Reason And Emotion Affect Society Philosophy Essay
Society is usually based on both reason and emotion, but throughout history reason and emotion have been fighting to be in the dominant side of society. In The Stranger by Albert Camus it is evident that there is a struggle going on. An example of this is in the aspect of justice. Justice has always been understood as something ethical and neutral and always right, and also something that is really important to any society. However, justice takes on a whole different meaning in the novel. Here, justice is determined by how a person reacts towards death and the society in the novel believes this to be fair and just. In the novel the reason why the protagonist Meursault was sentenced to death in court, was not because of the act of murder, but because of his emotionless reaction towards his mother's death. This situation presents a dispute on what society should focus on, reason or emotion? This is what Albert Camus was trying to show the readers, that reason and emotion is always battling for the main place in society, and that people do not realize it. The question then arises as to which side wins the battle and how does it affect the society within the novel?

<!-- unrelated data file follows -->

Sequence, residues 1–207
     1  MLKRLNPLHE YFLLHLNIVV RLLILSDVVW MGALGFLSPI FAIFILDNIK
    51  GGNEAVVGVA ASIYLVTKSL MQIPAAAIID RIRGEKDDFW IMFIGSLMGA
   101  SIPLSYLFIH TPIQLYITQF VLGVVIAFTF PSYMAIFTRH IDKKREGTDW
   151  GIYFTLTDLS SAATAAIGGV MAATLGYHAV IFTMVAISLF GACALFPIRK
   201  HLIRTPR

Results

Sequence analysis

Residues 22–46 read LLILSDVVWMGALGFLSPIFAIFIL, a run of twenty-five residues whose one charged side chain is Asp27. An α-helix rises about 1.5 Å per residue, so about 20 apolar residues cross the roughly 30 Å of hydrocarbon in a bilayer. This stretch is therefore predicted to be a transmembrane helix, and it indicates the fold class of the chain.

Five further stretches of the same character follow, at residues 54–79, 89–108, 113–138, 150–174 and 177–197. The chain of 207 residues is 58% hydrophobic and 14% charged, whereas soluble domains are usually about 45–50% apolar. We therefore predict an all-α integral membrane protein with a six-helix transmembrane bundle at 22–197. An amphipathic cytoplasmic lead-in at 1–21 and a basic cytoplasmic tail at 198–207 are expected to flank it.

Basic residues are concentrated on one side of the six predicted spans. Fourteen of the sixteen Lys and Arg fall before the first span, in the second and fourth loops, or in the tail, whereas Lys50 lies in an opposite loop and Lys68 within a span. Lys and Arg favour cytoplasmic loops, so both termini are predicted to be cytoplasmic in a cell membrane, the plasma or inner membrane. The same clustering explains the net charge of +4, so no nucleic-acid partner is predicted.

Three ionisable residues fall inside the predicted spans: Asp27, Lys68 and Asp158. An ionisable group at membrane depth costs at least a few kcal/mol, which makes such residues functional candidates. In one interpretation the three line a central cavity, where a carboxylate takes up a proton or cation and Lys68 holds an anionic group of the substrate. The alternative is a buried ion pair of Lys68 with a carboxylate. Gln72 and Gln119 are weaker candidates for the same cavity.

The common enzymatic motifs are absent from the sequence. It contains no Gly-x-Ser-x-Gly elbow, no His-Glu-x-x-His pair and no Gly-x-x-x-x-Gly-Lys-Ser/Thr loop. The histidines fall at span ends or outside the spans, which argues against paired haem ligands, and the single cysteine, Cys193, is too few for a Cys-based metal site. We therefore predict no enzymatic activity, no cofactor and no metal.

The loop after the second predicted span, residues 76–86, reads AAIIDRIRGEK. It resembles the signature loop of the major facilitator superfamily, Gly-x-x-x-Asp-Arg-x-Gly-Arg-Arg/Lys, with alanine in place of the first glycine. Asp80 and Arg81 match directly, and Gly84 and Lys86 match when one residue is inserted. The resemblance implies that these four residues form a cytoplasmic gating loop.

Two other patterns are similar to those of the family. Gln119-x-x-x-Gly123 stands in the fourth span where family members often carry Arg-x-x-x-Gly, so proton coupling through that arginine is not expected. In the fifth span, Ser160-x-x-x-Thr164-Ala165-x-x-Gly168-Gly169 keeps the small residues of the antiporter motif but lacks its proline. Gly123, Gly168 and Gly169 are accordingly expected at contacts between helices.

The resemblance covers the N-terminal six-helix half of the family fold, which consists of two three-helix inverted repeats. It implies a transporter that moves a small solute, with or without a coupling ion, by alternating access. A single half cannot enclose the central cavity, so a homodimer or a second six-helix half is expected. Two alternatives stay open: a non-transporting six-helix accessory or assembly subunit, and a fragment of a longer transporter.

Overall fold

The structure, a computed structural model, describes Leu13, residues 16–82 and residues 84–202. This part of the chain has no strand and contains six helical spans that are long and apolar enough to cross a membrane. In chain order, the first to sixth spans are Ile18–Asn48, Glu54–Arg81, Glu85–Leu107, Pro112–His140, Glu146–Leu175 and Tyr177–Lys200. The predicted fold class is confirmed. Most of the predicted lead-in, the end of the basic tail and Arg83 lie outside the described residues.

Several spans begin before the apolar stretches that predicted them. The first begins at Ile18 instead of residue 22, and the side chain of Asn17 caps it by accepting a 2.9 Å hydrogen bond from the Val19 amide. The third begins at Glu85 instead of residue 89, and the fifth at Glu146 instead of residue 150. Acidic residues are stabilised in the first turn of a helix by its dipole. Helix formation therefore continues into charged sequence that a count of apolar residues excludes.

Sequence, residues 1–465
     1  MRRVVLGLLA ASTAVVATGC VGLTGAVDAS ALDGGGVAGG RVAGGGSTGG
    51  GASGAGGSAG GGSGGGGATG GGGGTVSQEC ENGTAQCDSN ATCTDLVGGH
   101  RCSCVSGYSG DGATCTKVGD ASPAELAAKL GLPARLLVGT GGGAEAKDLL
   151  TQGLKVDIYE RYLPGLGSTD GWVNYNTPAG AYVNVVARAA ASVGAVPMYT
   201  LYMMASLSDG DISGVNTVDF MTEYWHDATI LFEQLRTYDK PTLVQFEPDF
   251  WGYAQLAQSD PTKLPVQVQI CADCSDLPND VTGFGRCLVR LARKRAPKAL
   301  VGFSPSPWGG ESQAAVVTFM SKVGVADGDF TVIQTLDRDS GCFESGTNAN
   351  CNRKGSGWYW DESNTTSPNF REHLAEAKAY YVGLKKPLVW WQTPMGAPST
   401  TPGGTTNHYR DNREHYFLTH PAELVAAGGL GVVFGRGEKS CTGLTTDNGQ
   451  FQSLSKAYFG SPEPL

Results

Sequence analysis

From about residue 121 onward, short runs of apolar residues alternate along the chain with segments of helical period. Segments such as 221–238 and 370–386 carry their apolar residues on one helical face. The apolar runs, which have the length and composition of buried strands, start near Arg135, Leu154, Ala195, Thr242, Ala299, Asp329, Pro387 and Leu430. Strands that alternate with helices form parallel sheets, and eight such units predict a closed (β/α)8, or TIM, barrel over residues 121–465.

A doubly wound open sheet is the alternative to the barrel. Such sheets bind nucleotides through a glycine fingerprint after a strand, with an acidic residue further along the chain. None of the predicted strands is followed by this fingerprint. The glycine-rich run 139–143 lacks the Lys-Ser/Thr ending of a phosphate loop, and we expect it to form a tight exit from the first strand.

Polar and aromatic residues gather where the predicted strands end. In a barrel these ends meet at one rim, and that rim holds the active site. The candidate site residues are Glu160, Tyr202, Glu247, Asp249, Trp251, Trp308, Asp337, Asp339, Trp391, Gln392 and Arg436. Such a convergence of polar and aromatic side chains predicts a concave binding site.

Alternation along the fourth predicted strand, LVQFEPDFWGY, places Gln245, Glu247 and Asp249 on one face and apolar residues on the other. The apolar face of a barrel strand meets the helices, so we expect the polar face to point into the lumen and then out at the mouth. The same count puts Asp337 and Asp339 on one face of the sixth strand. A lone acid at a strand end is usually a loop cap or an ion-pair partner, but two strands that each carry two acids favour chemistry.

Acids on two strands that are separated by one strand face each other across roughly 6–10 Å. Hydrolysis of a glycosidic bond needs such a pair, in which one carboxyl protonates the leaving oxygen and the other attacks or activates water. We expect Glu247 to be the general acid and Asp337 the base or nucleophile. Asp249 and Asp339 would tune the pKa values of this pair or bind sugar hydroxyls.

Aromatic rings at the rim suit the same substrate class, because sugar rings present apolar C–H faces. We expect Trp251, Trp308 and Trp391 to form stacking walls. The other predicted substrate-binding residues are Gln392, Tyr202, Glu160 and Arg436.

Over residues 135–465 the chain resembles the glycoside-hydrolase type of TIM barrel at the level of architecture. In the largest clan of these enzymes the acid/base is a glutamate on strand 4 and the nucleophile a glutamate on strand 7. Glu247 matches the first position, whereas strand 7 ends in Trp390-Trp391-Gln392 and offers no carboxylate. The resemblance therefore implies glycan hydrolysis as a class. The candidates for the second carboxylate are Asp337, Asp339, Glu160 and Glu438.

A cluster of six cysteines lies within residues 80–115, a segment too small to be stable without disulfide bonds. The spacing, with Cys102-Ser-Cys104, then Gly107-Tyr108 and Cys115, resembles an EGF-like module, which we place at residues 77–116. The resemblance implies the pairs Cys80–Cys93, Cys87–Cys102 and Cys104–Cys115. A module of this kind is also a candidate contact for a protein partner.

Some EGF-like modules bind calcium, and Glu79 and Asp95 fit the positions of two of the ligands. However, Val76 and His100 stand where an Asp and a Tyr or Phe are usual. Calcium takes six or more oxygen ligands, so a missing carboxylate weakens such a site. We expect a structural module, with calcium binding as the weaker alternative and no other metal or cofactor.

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As mentioned above, people are unaware of this struggle between reason and emotion. To understand why, first we must look at the two forces more closely in relation to the novel. In the society of The Stranger, emotion plays a big role from the very beginning of the novel. The moment Meursault received the news of his mother's death, up to the point where he went to Celeste's to eat, everyone felt sorry for him. The simple act of giving condolence already shows how important emotion is to people. It is possible that those in society believe that if they did not give their condolences to Meursault, it will be taken as an insult. However, if a person uses more reason as Meursault has done, condolences would be unnecessary since their view of death would be something natural, unavoidable and commonplace. So basically, the society in the novel already has this sort of mindset in which they believe that using emotions, or more specifically empathy, is respectful, mannerly, and normal. Reason then, when it comes to basic human involvements, become secondary.